MORE foreign law firms are to be allowed to practise in Singapore under a scheme that aims to build on the Republic's status as a legal hub.

They will be licensed to operate in areas such as corporate cases, but must employ a minimum number of local lawyers.

The aim is to develop the sector, while giving Singaporeans employed by the foreign firms more international exposure.

A second round of licences will be issued to companies from overseas later this year as part of the Qualifying Foreign Law Practice scheme, the Government announced yesterday.

The programme was introduced in 2008, when six firms were licensed.

This set them apart from other foreign law companies here, which are either barred from practising Singapore law or allowed to do so only if they team up with a local firm.

Each of the six had to generate a minimum amount of income from work that would otherwise be done abroad.

In the two years from 2009, their total gross revenue in Singapore grew by 25 per cent.

Meanwhile, the legal sector's contribution to the economy has increased from $1.4 billion in 2007 to $1.8 billion last year - despite the global slowdown.

Yesterday, Law Minister K. Shanmugam made clear that only the best would be granted licences. 'We want to make sure of the quality, we are looking for firms that can add value and bring new work from overseas into Singapore and add a significant premium to our legal scene.'

The scheme stemmed from a 2007 report by a high-level committee that called for the legal services sector to be liberalised.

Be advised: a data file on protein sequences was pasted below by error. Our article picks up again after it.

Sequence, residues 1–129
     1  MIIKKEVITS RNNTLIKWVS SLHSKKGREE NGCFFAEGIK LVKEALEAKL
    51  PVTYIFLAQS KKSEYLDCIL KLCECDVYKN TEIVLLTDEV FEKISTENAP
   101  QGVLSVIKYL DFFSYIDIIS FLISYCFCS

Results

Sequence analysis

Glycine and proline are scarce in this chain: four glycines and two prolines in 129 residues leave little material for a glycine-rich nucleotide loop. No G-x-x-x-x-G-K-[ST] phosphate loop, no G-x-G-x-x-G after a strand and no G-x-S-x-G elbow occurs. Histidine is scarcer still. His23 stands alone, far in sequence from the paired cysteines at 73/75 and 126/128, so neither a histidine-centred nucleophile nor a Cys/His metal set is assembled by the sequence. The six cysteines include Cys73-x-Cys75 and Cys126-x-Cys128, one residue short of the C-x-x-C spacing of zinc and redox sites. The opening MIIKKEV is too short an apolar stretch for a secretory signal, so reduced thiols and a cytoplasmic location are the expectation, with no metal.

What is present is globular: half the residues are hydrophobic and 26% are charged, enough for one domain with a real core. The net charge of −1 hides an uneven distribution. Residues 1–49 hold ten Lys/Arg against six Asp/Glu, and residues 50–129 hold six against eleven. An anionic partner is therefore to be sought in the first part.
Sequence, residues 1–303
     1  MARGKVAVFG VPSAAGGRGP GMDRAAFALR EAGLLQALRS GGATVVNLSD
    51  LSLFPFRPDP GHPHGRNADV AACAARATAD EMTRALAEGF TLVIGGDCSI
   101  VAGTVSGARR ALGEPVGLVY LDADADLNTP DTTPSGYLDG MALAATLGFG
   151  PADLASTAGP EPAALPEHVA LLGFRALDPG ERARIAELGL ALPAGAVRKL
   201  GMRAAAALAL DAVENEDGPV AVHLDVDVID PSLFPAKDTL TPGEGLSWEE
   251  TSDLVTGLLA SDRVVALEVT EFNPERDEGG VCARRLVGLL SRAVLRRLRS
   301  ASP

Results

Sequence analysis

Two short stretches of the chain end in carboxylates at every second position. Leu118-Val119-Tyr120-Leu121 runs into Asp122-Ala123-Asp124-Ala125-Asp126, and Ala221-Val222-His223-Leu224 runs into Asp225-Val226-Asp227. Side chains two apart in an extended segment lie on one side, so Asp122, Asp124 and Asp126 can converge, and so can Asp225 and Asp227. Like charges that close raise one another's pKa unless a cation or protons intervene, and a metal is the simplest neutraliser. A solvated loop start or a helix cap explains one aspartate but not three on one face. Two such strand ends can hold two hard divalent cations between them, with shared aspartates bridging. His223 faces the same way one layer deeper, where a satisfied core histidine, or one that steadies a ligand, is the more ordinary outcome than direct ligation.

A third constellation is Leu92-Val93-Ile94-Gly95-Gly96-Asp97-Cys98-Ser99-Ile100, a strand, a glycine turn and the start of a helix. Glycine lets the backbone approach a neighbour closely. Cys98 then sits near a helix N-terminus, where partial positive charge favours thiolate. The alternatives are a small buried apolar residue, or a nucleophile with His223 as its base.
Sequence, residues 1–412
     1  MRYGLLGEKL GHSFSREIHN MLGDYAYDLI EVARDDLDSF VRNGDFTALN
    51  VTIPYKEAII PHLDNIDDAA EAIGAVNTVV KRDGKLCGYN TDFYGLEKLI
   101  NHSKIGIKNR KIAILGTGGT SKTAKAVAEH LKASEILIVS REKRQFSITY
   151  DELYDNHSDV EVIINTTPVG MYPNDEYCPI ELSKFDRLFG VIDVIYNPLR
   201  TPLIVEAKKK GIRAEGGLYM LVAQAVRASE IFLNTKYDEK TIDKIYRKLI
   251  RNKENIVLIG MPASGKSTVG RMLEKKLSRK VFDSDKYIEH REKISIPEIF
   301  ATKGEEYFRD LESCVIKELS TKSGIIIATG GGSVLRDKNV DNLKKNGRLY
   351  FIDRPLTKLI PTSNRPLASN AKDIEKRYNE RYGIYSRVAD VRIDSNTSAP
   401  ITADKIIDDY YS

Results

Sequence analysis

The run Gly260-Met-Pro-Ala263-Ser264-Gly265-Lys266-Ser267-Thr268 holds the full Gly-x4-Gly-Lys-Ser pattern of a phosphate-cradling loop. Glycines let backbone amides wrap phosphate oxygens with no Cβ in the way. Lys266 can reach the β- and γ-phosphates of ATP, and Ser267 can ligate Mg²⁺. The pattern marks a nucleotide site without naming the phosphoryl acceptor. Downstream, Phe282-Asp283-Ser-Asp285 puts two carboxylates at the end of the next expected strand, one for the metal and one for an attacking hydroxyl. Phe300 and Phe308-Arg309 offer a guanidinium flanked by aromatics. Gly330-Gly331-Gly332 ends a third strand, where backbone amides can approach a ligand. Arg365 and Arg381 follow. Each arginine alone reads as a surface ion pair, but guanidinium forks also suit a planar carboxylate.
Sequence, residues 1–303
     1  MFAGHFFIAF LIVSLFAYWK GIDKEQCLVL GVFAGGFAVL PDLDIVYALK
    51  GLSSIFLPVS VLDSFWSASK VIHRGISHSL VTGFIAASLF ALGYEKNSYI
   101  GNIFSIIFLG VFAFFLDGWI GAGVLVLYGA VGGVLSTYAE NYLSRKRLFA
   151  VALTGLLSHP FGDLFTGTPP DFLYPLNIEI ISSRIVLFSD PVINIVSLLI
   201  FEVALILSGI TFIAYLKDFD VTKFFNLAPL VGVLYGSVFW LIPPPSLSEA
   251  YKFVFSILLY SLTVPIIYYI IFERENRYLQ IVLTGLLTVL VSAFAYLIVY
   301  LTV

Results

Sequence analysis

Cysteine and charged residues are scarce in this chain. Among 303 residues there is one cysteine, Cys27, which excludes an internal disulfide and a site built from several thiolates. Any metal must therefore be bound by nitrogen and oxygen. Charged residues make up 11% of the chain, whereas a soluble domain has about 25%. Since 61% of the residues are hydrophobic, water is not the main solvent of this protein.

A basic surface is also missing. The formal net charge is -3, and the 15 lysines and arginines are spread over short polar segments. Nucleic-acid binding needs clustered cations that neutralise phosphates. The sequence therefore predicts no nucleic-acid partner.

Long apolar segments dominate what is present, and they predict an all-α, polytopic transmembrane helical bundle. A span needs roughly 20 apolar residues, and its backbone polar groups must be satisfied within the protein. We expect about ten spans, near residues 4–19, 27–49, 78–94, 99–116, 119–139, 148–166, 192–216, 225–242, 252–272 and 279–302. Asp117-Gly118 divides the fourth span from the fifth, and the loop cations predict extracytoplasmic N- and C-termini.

Many lawyers from the top firms strongly supported the move. However, the report said some feared Singaporean law practices could end up being marginalised and out-manoeuvred by the foreign competition.

Mr Shanmugam said he also had reservations at first. This was why the foreign firms were licensed only on the condition that they bring in work that is usually done outside Singapore.

'If, by opening up, all we get is work being moved from local law firms to foreign law firms, how does that benefit Singapore? The result must be that new work should come in. The pie must grow bigger.'

He added that despite the concerns, Singapore law firms have held their own.

'It has given them some confidence that if they bulk up and they know the market they can compete effectively.'

Lawyers said they were not surprised that the scheme was being extended as the move had been expected for some time.

Rajah & Tann managing partner Lee Eng Beng said: 'Singapore firms will have to think about how best to compete, present the best proposition to their clients, and retain their share of the market and the talent pool.'

The Law Ministry said the minimum number of local lawyers that the firms had to employ were targets based on each company's business projections.

It added that how many licences are awarded at the end of the year will depend on the quality of applications received.